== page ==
Tag Archives: Mandarin

Hsiao-Hsien Hou – Tóngnián wangshì AKA A Time to Live and a Time to Die (1985)

The semi-autobiographical film on director Hou Hsiao-Hsien’s childhood and adolescence, when he was growing up in Taiwan, living through the deaths of his father, mother and grandmother. Read More »

Jin Wang – Chujia nu AKA The Wedding Maidens (1990)

From Wikipedia:
The Wedding Maidens (Chinese: 出嫁女; pinyin: Chūjià nǚ) is a 1990 Chinese drama film directed by Wang Jin. It was entered into the 17th Moscow International Film Festival where it won the Special Silver St. George. Read More »

Tieli Xie & Yuan Zhao – Hong lou meng AKA A Dream in Red Mansions (1988)

Based on the mid-eighteenth century novel by Cao Xueqin, the third version (previous version was 38 episodes) of “A Dream in Red Mansions” (aka Dream of the Red Chamber) is known by many to be the ultimate and best adaptation of the story either on TV or film. It is a story about the tragic love of Jia Baoyu and Lin Daiyu, and the prosperity and decline of the four notable feudal ruling-class families of Jia, Shi, Wang, and Xue. Daiyu is a beautiful and talented girl, but prone to ill health. Baoyu, nonetheless, falls for her over the years and puts up with her sensitivity and ill-tempered personality. They, along with their family-favored and tactful cousin Xue Baochai, reside in the Grand View Garden. The garden was built to honor the visit of Baoyu’s sister, Imperial Consort Jia Yuanchun. Her installment marked the height of the families’ status, prosperity and power. This story also gives praise to the work and revolts of the many servants and nurses in the Grand View Garden. With its beautiful scenery, solid cast ensemble, haunting and superb music score and elegant songs, “A Dream in Red Mansions” remains one of the most beloved and popular Chinese TV-series to date. Read More »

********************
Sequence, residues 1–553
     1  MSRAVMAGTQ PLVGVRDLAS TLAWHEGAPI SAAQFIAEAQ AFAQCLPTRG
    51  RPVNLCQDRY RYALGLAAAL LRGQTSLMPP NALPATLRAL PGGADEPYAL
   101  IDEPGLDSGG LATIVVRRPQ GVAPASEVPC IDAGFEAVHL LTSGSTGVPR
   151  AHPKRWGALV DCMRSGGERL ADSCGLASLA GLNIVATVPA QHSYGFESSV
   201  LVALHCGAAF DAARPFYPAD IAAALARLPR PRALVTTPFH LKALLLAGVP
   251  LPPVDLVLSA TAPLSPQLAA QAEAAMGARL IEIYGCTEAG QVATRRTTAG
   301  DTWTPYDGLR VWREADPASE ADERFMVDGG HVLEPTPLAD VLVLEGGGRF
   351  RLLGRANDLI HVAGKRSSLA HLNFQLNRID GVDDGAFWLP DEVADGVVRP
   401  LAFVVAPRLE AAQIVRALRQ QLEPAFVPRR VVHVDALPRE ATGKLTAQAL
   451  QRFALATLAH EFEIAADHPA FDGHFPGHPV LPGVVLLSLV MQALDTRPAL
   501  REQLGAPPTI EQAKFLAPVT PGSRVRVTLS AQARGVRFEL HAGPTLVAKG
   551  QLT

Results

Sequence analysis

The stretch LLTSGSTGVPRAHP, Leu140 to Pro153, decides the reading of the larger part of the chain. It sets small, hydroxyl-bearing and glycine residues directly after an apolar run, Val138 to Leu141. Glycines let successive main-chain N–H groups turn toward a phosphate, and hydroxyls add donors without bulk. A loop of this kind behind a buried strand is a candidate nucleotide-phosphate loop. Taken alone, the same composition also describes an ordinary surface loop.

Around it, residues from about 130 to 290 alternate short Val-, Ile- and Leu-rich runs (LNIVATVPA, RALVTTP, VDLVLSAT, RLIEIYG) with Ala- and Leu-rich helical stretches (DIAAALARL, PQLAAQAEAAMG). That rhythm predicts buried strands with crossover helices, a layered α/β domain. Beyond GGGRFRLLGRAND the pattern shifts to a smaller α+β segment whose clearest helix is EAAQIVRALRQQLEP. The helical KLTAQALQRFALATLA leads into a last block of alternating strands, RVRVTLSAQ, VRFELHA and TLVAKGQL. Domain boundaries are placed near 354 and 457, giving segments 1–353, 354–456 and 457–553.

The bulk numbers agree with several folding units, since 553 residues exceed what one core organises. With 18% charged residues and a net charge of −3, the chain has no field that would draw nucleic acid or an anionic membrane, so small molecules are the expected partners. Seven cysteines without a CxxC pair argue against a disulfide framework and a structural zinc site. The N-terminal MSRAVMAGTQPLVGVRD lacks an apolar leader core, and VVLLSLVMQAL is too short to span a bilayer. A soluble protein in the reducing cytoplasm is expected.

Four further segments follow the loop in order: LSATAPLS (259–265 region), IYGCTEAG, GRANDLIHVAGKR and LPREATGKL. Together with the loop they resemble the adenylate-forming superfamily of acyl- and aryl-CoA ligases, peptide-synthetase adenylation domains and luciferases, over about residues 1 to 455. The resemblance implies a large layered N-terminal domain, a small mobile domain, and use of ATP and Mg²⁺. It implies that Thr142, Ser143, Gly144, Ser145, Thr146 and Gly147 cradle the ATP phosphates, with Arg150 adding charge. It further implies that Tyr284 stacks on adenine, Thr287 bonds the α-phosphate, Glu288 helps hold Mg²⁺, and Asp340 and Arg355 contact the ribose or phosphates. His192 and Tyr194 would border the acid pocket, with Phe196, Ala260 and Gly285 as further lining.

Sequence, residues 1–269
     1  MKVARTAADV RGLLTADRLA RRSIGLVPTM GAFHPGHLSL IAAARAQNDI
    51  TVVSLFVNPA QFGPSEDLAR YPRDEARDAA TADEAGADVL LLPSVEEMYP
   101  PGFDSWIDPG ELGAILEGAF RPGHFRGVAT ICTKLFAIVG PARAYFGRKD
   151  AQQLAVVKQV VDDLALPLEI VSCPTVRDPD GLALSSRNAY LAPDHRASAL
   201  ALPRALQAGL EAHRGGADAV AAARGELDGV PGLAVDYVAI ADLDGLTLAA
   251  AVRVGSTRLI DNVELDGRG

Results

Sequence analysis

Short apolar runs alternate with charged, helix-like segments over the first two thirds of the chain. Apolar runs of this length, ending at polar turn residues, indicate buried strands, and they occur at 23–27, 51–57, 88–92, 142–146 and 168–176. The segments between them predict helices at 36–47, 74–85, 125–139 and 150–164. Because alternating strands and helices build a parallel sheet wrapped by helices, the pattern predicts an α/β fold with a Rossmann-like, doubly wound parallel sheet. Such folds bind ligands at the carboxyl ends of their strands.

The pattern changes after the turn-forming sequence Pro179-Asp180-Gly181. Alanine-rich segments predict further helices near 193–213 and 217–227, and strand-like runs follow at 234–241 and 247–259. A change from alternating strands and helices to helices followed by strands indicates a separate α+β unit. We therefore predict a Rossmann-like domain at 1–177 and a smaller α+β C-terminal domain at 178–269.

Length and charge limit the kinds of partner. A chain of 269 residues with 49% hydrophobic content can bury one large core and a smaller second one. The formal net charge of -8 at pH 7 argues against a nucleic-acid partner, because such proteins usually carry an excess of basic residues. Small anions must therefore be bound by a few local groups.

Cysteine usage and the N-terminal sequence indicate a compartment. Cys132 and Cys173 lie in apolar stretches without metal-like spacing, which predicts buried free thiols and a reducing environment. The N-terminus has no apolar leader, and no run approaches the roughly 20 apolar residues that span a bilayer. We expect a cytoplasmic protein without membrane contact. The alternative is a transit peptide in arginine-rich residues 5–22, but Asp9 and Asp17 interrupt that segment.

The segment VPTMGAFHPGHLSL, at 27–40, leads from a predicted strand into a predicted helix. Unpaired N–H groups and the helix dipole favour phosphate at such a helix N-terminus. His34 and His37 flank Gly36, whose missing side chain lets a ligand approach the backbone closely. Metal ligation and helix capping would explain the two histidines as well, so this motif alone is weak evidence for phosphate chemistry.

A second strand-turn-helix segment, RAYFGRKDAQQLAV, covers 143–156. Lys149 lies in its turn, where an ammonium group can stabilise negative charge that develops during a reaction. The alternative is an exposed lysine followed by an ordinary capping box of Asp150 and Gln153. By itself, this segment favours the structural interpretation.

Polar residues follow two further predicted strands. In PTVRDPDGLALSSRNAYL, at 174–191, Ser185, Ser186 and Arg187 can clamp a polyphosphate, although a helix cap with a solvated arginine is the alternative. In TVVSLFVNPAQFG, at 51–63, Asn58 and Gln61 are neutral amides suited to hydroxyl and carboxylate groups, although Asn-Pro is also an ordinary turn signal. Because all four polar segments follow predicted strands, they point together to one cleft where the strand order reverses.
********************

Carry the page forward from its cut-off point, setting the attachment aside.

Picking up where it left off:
Tseng-Chai Chang – Mian Ju AKA Sex for Sale (1974)

Lin, a handsome guy from a small village comes to Hong Kong to seek his fortune, only to find himself at a job interview, where he is asked by a beautiful woman, Du Pi to remove his clothing. Being an ambitious sort, the complies, and soon finds himself caught up in a very strange reality. Treated like a slab of meat by powerful women, who demand more than he can give, Lin ultimately disappoints everyone in his life, and moves from place to place, and bed to bed. Older women, young women, even a miserable old woman with no legs (!) expect not only sex from this guy, but also love, devotion, and total submission. Soon, he finds himself alone, and is forced to move in with a sexually confused man, who he finds out too late, is his only true friend. Read More »

Vivian Qu – Shuiyin jie AKA Trap Street (2013)

“Shuiyin Jie’s straightforward approach to the harsh reality in 21st century China is as courageous as it is terrifying…” ScreenAnarchy Read More »

Chung Sun – Feng lei mo jing AKA The Devil’s Mirror (1972)

In his feature debut, Sun Chung – one of the most interesting filmmakers at Shaw Brothers – helms this wild tale of two martial arts clans who each possess an amazing mirror with supernatural powers. The mirrors are coveted by the evil Jiuxian Witch (Li Chia-hsien), leader of the Bloody Ghouls Clan (sure, name your clan that and how do you expect them to turn out?), who plots to use them to enter the tomb of Emperor Wu and ransack his magical treasure. A gang of masked ninjas – in reality, captive swordsmen poisoned by the witch’s “Corpse Worm Pills” – steal the first mirror from one-legged clan chieftain Bai Tian Xiong (Wang Hsia), whose duplicitous lieutenant, Leng Yun (Tung Lam) drives a wedge between him and rival Chief Wen (Ching Miao). Nobody suspects he is working for the Bloody Ghouls Clan and sneaking off for occasional hot, between the sheets action with the sexy, three-eyed, super-witch. Eventually, star-crossed lovers Bai Xiaofeng (Shu Pei-pei) and Wen Jianfeng (Liu Tan) team-up to see justice is done. Read More »

Yimou Zhang – Man cheng jin dai huang jin jia AKA Curse of the Golden Flower [+Extras] (2006)

A dying love between two powerful people leads to deceit, infidelity, and conspiracy in this epic-scale historical drama from director Zhang Yimou. During the latter days of the Tang dynasty, the Emperor (Chow Yun-Fat) returns home from the war with his son Prince Jai (Jay Chou) in tow. However, the monarch gets a chilly reception from the Empress (Gong Li); though she’s eager to see her son, her marriage has become deeply acrimonious, and she’s taken a lover, Crown Prince Wan (Liu Ye), her stepson from the Emperor’s first marriage. The Emperor, meanwhile, has his own plan for dealing with his failing marriage — he’s ordered the Imperial Doctor (Ni Dahong) to find an exotic drug that will drive the Empress insane and administer it to her without her knowledge. However, the doctor’s ethical dilemma is intensified by the fact his daughter Chan (Li Man) has fallen in love with Crown Prince Wan and the two wish to elope. As the Emperor and Empress allow their estrangement to sink into violence and retribution, their youngest son, Prince Yu (Qin Junjie), struggles to keep the peace in the household. Read More »